Wind direction (degrees)

Wind speed (m/s)

You can find a detailed description of each pollutant here

Ventilation systems work by drawing in fresh air from the tunnel entry, which is then pushed through the tunnel by the movement of vehicles and jet fans.

Before the tunnel exit, air is pushed up and out of the tunnel through a ventilation structure and high up into the atmosphere.

There are no emissions from the tunnel entries or exits where vehicles enter and exit. Research from around the world clearly shows emissions from well-designed tunnel ventilation systems have no measurable effect on local or regional air quality.

WestConnex systems feature ventilation structures located at the exit of each tunnel to remove air from inside the tunnel.

The system has been designed to:

  • meet NSW’s stringent air quality requirements, which are among the highest standards in the world
  • maintain safe air quality inside and outside the tunnel
  • manage emissions from predicted traffic volumes now and long into future

Tunnel ventilation in NSW:

In NSW, all tunnels use ventilation systems. These systems have proven to be very effective. Before and after studies show that air quality remained consistently good after the tunnels opened, with no impact to local or regional air quality.

Air Quality Community Consultative Committees (AQCCC) has been established to provide input and advice on the location of air quality monitoring locations and related issues. The M4 Project and the M8 project were both established in 2017 and meet every three months. Groups consist of local community members and council members who have a keen interest in their community and air quality.

The AQCCC’s role is to provide advice on the location of the air quality monitoring stations and to provide advice and input on the operation environmental management plans and other operational documents, compliance tracking reporting, audit reports, complaints relating to air quality, and dissemination of monitoring results, prior to and during the operation of the tunnels.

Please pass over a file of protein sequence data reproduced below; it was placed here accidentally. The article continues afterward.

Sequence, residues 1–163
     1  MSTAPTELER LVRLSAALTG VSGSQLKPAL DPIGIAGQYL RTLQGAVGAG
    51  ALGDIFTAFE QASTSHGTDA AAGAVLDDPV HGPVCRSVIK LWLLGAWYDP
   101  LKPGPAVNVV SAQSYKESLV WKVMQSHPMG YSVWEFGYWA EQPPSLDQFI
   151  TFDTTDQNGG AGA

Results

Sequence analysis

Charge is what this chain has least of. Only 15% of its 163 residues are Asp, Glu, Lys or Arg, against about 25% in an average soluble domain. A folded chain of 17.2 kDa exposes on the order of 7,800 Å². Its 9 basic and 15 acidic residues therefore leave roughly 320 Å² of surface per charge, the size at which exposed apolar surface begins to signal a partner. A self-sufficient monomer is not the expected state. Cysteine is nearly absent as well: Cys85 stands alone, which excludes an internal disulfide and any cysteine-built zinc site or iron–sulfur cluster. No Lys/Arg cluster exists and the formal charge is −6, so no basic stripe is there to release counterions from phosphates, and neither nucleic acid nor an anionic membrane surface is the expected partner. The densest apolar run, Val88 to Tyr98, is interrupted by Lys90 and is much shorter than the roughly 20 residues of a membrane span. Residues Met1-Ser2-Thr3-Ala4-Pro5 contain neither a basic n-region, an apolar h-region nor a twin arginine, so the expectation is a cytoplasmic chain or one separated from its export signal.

For more information, please refer to Terms of Reference.

AQCCC meeting minutes can be found in the document library.

The AQCCC is not a decision-making or regulatory body, and instead performs an advisory and consultative role.

Air quality monitoring stations are installed along the WestConnex Project corridor to collect data in local areas on the surface. These stations help WestConnex keep track of what the air quality was prior to project approval, prior to project operation and after opening to ensure there has been no measurable impact on local air quality and to assess any changes.

External air quality in the suburbs adjacent to tunnels will vary during the year due to seasonal climate variations, wind speeds and external events such as dust storms, bush fires and construction works in the area. Due to external factors, air quality stations require monthly and sometimes weekly maintenance to ensure they are running correctly.

When there is an exceedance in air quality levels goals during a projects operational phase, a report is published online (see below table). To date, exceedances have largely been due to bush fires, dust storms and maintenance disruptions with the monitoring equipment.

What is being monitored?

How?

For how long?

Where will results be published?

Outside tunnel: Ambient or local air quality nearby the WestConnex project

Ambient monitoring stations are placed in locations along and close to the project corridor

Prior to approval;

12 months prior to operation; and

For up to at least two years after the tunnels open

 

Inside tunnel:

Air quality in the tunnel and ventilation outlets

Monitoring equipment inside the tunnel and ventilation outlets

24/7, at all times during operation of the tunnels

When a project is open and operating, data is available on the Linkt air quality website

 

For more information on air quality in NSW visit the NSW Department of Planning, Industry and Environment website for a daily update on Sydney's current and forecast air quality.